This is How You Mourn Your Father by Fiona J Mackintosh

Two Hundred Years Ago We Would Have Been Dead by Now by Louise Mangos

Undercurrent by Laurie Theurer

Water Baby by Louise Mangos


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Summer 2017 Judge’s Report

This round, Vanessa Gebbie had the difficult task of picking three winners from a long-list of fifty stories. Here’s why she picked the stories she did:

First Place

Fly Away Home by Helen Rye

A worthy winner in a strong field, and a terrific flash. Yet again, I am astounded at how much can be carefully packed into a tiny suitcase. I much enjoyed this piece for many reasons, not the least for its originality—flipping back and forth between bald technical communication and the musings inspired by of all things, delightfully, a stray ladybird hitching a ride.

I loved this piece for many reasons, not the least that it leaves me with so much to ponder, even after many readings. The underlying concept of leaving this beautiful, fragile world—so wonderfully evoked in so few words—because one day we might have to survive, is chilling. Turning one’s back on what is known and striking out into the unknown, listening to the echoes of childhood safety for a split second. The persistent thought—can we ever really leave the past behind?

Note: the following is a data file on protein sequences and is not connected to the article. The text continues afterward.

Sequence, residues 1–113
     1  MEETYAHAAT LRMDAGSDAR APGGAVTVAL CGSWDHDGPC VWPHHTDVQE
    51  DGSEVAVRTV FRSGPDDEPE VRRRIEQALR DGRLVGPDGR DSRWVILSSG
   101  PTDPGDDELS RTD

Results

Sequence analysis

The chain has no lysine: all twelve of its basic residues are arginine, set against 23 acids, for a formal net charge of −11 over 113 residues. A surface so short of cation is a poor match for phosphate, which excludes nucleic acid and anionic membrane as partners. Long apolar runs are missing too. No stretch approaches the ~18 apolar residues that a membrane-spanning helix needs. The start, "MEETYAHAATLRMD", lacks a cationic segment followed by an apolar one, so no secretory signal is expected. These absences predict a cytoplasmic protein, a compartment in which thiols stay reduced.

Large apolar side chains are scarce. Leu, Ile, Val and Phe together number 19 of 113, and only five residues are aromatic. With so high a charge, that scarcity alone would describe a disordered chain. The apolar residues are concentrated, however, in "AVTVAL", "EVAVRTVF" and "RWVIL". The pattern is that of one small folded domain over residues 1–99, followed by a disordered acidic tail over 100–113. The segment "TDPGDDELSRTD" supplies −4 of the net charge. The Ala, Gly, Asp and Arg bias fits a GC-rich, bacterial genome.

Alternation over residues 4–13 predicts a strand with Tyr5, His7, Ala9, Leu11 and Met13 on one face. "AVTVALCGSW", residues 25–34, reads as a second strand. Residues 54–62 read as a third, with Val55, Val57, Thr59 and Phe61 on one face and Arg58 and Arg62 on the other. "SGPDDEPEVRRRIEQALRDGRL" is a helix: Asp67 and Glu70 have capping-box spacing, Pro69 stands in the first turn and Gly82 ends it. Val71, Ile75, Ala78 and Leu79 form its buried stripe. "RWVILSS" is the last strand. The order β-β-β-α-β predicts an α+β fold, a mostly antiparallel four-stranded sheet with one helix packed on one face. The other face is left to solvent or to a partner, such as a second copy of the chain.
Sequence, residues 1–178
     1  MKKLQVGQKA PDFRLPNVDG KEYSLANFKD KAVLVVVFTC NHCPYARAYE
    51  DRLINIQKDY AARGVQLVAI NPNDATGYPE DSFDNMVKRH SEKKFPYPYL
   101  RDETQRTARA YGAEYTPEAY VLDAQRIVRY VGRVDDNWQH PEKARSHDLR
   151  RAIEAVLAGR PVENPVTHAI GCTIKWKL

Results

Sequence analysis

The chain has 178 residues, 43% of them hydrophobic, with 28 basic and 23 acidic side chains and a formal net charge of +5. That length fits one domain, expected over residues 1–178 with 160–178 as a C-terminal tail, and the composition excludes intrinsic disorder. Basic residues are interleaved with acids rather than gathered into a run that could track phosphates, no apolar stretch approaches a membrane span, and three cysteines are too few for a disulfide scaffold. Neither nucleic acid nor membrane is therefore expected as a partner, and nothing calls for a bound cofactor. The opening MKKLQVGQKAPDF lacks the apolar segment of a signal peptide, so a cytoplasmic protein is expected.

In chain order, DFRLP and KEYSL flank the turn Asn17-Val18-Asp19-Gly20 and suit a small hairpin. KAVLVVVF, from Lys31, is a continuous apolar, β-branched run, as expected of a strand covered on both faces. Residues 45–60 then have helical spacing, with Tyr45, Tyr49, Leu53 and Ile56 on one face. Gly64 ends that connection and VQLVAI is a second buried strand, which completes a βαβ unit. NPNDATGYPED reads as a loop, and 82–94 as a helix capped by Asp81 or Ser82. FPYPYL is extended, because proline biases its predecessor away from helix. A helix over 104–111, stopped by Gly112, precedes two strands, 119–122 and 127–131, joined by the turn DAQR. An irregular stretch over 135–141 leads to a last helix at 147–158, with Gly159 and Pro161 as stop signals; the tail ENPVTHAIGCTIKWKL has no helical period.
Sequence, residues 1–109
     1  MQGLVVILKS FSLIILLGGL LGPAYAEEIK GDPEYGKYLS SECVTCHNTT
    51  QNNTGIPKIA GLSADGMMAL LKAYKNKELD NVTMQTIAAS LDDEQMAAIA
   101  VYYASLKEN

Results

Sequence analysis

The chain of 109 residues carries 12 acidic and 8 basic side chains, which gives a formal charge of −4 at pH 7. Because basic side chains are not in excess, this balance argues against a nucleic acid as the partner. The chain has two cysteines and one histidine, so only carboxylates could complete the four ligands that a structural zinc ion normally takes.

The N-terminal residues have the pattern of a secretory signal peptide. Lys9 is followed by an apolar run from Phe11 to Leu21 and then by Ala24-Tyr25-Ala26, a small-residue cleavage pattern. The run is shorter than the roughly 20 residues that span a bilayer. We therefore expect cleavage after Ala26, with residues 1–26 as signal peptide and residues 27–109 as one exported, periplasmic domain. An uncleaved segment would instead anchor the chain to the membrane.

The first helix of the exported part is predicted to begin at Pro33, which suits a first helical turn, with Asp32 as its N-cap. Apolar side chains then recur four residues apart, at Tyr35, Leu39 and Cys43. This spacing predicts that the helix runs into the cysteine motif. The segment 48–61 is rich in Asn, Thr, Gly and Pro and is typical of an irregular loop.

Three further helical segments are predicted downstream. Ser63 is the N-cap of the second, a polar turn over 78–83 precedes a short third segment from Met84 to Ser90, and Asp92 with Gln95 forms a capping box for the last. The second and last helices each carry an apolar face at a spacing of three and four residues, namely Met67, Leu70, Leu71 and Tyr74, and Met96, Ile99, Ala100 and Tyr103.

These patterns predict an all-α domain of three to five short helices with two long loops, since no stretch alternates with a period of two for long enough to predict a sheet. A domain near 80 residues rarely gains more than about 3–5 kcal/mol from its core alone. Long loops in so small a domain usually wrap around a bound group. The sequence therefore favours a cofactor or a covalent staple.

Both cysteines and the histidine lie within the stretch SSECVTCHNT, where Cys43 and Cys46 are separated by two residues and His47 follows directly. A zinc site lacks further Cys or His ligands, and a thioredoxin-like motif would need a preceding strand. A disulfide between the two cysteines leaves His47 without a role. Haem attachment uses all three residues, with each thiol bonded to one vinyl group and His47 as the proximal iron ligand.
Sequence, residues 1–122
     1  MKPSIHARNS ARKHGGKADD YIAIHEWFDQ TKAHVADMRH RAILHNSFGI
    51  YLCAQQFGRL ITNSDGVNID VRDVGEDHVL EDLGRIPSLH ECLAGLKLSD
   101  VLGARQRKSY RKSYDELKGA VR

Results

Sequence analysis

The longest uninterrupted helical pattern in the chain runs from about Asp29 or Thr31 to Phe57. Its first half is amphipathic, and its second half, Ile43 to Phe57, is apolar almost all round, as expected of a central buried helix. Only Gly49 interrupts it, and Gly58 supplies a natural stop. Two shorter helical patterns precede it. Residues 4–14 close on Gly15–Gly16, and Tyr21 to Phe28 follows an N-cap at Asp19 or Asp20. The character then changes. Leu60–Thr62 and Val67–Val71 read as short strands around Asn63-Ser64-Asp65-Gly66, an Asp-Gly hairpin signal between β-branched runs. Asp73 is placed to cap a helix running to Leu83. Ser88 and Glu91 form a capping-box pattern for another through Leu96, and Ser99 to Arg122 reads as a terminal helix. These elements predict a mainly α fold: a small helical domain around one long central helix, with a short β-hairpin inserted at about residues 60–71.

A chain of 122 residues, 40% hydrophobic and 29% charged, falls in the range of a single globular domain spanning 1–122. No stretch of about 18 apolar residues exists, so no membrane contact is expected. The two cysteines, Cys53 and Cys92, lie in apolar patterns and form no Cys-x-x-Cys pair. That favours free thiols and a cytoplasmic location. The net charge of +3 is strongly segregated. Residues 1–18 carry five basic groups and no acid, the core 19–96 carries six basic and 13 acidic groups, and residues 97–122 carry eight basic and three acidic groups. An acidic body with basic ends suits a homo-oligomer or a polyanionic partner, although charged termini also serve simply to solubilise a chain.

The language in this piece is great, its effective juxtapositionings, its lyricism: ‘this ocean that aquamarines the bright planet’ set against the baldness of automated systemspeak: GLYCOL EVAP OUTLET temperature down around 58. This juxtaposition, to my mind and ear, acts as echo to the themes of the piece, emphasising the distances to be crossed, perhaps the unbridgeable difference between here and there. The poignancy of leaving much-loved richness and colour for a monochrome future, even if it is bright. The two creatures named, the ladybird and the blue whale—I am put in mind of ‘all creatures great and small—and the fact that we might well have the choice to leave, take our technologies elsewhere. They don’t. I hope this piece is shared widely. It certainly deserves to be. Many congratulations to the writer.

Second Place

Stop, Stop, Stop, Go by Stephanie Hutton